Cruz did not mention that he released a new television ad Saturday labeling rival Sen. Marco Rubio “the Republican Obama,” and painting the Florida senator as a supporter of amnesty for people in the U.S. illegally and cap-and-trade emissions rules, both anathema to GOP voters. The ad is the latest sign of growing tension between the two men in recent days.
Rubio supporter Paul Gregorie of Iowa's Assn. of Business and Industry said the ad was a “lie.”
“This is a deliberate attempt by Ted Cruz to deceive Iowa voters ahead of the caucus,” Gregorie said in a statement.
Hillary Clinton was joined Saturday by Gabrielle Giffords, the former Arizona congresswoman who was grievously wounded in a mass shooting five years ago, as Clinton touted her support for stronger gun control measures.
"The facts cry out for action," Clinton told the crowd at Iowa State University in Ames, just two days before the Iowa caucuses kick off the presidential nominating contests.
Clinton, the former secretary of State, has criticized her chief rival for the Democratic presidential nomination, Sen. Bernie Sanders of Vermont, as insufficiently tough on guns. Sanders hails from a state with a strong rural hunting culture and has a record of supporting some gun laws, though he also frequently notes that he has a D-minus rating from the National Rifle Assn.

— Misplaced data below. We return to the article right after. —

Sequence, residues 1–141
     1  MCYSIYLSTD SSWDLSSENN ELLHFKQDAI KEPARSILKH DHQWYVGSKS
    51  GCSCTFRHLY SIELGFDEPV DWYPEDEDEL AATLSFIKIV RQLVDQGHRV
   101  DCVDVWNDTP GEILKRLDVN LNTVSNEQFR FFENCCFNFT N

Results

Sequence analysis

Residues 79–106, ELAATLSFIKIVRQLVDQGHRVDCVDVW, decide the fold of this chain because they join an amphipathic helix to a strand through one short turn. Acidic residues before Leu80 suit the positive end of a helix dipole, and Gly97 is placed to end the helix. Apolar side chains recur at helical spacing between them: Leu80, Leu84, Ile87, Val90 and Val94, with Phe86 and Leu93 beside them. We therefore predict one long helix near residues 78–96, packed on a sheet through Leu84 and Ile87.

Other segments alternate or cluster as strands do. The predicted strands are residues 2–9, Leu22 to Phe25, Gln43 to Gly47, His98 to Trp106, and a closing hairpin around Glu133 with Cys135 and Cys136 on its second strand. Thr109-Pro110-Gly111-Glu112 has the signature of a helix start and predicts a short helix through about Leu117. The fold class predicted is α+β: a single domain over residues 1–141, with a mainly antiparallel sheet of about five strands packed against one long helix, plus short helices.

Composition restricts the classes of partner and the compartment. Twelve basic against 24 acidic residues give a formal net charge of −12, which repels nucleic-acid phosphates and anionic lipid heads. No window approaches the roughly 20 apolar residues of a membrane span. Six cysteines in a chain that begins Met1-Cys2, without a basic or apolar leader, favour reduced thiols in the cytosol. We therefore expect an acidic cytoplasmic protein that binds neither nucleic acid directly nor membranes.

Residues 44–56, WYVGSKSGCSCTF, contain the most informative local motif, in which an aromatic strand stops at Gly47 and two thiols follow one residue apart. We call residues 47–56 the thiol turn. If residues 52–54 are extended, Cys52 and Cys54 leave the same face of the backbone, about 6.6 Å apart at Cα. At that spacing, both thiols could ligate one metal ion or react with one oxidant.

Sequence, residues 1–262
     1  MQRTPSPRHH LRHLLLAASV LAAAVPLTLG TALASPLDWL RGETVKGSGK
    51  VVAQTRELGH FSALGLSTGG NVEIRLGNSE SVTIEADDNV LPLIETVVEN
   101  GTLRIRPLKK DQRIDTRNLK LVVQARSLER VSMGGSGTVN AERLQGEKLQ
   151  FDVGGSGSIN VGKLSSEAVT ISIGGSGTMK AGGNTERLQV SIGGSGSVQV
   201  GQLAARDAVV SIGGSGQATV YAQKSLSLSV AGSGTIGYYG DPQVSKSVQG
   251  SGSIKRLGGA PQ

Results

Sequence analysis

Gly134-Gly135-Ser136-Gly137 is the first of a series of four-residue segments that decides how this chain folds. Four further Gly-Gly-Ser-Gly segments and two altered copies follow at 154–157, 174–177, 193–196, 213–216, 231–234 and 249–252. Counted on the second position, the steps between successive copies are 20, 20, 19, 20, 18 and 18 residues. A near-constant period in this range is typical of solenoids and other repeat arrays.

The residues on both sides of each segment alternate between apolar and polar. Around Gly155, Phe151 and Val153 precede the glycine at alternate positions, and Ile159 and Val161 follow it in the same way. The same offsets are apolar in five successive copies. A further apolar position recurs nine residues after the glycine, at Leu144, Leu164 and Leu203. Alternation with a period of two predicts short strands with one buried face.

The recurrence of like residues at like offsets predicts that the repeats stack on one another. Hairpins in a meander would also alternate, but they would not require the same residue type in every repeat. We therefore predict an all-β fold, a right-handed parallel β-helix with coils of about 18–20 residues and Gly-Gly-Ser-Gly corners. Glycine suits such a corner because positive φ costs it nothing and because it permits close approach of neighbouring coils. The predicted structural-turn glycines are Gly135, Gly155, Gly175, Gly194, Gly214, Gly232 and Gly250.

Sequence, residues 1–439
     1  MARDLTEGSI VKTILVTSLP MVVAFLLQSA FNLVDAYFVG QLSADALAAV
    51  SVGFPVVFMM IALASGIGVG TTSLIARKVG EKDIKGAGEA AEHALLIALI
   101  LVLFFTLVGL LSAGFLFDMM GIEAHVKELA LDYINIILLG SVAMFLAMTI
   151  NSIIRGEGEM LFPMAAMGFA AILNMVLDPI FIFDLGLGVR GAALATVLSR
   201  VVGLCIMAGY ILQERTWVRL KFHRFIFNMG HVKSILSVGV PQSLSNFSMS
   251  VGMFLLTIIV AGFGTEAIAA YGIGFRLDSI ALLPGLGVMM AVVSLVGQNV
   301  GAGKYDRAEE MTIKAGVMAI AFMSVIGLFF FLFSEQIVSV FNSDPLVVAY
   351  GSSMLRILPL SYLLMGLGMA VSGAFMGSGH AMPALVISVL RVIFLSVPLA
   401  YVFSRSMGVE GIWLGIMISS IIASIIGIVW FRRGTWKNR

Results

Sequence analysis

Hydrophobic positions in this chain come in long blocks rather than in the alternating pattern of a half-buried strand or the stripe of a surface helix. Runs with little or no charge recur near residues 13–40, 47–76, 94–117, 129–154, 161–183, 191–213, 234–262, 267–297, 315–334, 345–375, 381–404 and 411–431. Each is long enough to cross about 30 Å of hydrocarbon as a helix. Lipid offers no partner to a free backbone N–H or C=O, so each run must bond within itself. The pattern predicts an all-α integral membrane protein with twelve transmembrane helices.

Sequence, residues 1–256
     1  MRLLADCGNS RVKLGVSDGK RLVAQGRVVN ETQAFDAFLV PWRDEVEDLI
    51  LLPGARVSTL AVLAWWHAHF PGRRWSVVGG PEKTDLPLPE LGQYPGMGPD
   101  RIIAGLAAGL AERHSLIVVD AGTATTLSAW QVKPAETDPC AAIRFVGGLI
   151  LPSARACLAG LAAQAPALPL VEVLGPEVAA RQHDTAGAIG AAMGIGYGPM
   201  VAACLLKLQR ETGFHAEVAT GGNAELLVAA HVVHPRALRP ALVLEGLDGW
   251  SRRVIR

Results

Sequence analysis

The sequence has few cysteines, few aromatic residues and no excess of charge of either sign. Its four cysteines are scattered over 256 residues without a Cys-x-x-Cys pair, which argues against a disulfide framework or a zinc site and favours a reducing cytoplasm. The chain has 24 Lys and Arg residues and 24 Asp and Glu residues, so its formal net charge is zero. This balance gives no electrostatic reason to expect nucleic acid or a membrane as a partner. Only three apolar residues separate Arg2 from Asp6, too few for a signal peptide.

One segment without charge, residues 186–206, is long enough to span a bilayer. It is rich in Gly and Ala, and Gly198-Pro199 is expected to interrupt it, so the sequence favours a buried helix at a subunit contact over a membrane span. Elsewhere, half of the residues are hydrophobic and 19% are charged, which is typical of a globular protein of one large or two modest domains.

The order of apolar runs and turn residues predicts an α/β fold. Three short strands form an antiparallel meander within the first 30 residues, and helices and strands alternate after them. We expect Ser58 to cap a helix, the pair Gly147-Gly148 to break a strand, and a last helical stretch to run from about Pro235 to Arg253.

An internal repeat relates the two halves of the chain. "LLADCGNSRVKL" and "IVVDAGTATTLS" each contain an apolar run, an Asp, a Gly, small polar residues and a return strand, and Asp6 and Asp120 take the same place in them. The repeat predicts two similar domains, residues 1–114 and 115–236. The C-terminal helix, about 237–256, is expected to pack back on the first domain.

Giffords has spent years trying to recover from her wounds and noted while onstage to introduce Clinton that she still struggles to speak.
"Speaking is hard for me," Giffords said, "but come January, I want to say these two words: Madam President."
Dennis Goldford is an institution in Iowa politics, a professor at Drake University in Des Moines, a political commentator on local television and the co-author of a history of the Iowa caucuses.
Over breakfast Saturday at the Drake Diner, another local institution, he offered three things everyone should know and understand about Monday night's caucuses:
- No delegates to the party's nominating conventions are elected.